patients with all the necessary treatment and emotional
support, especially when the patients are confronted with
distressing personal events.
Epilogue: The patient participated in the funeral and the
Shiva, and behaved in a fairly well-adjusted manner. When
his therapist returned to the hospital she was able to
elaborate the different reactions of the patient to those
difficult events.

Question: Should the patient have been advised


about the death of his father and permitted to
attend the funeral?
1. NO, it was better to protect the patient from the grief
entailed in disclosure of the information and participation
in his father’s funeral.
2. YES, the patient has the right to be respected and to
receive truthful information.

Comments:
Patients have the right of self-determination, to make free decisions
regarding themselves. One of the most perplexing moral dilemmas in
health care results when the moral principles of benefiting the patient and
of respecting the patient’s autonomy cross each other. Not sharing the
truth with patients is to deprive them of their freedom to choose
whichever course of therapy they wish to take and to reduce their status
as moral persons. The conclusion that honesty is the best policy in
medicine raises the question of just how the truth is to be told. Full and
frank disclosure does not necessarily mean a painful detailing of every
possible facet of the decision.
The medical power is a reality. This is why it should go hand in hand with a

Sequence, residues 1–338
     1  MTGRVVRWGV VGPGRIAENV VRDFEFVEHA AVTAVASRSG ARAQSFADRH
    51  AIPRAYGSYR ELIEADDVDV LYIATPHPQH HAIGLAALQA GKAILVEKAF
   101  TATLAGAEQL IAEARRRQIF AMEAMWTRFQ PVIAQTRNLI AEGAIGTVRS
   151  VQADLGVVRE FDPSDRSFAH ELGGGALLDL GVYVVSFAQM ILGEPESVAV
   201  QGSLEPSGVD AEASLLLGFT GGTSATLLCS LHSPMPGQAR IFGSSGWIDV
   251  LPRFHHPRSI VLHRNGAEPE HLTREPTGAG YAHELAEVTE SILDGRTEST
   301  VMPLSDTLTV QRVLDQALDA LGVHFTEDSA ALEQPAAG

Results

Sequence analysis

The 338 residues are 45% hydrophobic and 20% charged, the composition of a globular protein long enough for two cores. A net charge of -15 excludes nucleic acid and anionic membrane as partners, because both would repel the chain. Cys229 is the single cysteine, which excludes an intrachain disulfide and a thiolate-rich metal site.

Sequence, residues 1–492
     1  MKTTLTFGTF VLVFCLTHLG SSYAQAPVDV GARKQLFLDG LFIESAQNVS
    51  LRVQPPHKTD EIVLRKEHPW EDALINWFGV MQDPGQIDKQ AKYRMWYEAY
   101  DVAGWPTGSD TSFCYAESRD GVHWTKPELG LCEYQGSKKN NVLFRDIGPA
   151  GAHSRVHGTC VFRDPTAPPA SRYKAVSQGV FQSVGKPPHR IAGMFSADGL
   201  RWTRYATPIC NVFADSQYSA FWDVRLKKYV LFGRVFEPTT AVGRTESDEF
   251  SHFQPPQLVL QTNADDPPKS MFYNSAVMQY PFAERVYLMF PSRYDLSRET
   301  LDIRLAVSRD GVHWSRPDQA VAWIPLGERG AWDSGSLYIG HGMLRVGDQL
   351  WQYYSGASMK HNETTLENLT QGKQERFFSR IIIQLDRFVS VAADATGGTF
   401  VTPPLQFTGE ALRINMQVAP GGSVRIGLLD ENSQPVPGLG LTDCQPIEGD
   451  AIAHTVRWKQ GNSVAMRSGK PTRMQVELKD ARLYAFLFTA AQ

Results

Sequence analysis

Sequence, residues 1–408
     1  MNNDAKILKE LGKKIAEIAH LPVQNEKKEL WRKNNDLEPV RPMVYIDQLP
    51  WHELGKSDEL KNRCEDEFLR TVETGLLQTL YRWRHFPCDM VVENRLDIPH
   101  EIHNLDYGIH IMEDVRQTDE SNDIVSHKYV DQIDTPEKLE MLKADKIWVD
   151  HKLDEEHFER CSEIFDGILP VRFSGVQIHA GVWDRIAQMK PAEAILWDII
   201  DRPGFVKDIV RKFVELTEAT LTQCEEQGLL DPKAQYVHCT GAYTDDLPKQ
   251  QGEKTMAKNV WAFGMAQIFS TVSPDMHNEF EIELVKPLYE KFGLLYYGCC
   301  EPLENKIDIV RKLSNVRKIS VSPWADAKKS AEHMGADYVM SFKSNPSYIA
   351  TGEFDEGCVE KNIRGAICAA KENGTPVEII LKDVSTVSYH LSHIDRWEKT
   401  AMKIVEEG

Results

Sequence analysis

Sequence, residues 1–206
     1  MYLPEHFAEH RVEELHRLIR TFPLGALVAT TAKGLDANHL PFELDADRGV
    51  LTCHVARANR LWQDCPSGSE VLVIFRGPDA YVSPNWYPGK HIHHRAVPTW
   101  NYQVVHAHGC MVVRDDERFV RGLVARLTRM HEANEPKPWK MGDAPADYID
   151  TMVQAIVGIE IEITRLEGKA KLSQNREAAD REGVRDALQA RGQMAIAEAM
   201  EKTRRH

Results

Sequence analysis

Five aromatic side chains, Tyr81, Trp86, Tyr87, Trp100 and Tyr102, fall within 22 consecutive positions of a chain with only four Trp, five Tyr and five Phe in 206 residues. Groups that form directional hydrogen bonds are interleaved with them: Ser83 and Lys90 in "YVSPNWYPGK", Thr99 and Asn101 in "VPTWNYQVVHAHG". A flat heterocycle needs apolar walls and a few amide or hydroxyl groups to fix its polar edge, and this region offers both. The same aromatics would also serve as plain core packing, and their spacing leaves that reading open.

deep sense of responsibility. Even though the patient suffers from a
severe form of bipolar disorder, and may be particularly sensitive to loss
and separation, it would have been a significant trauma not to be
informed about the death of his father and not to attend his funeral. The
ceremonial surrounding it, with all the social support that goes with it, are
probably at least as efficacious as the help of a psychotherapist in
lowering the trauma impact on the patient.
In case of absence of the treating doctor, and in case of emergency, other
doctors of the medical team usually take the responsibility to change the
treatment, even if it is of a psychotherapeutic nature. The decision of the
head of the department, after discussion with the other members of the
staff, was the right one.
Within the psychotherapeutic process however, it is important for the
psychotherapist to clarify her position to the patient, and to explain why
she suggested not to inform the patient about his father’s death while she
was away for vacation.
The therapist’s reasoning to substantiate her decision to withhold the
news and to deprive the patient from participating in a social and religious
ritual of high significance to her could be seeing as paternalistic and heavy
handed and to be of benefit to her alone, not her patient. While the
therapist analyses the risk of revealing the bad news to the patient, she
does not analyze the risks of not revealing the news, which could be more
devastating than the reverse. Her self-serving decision is of no good to the
patient.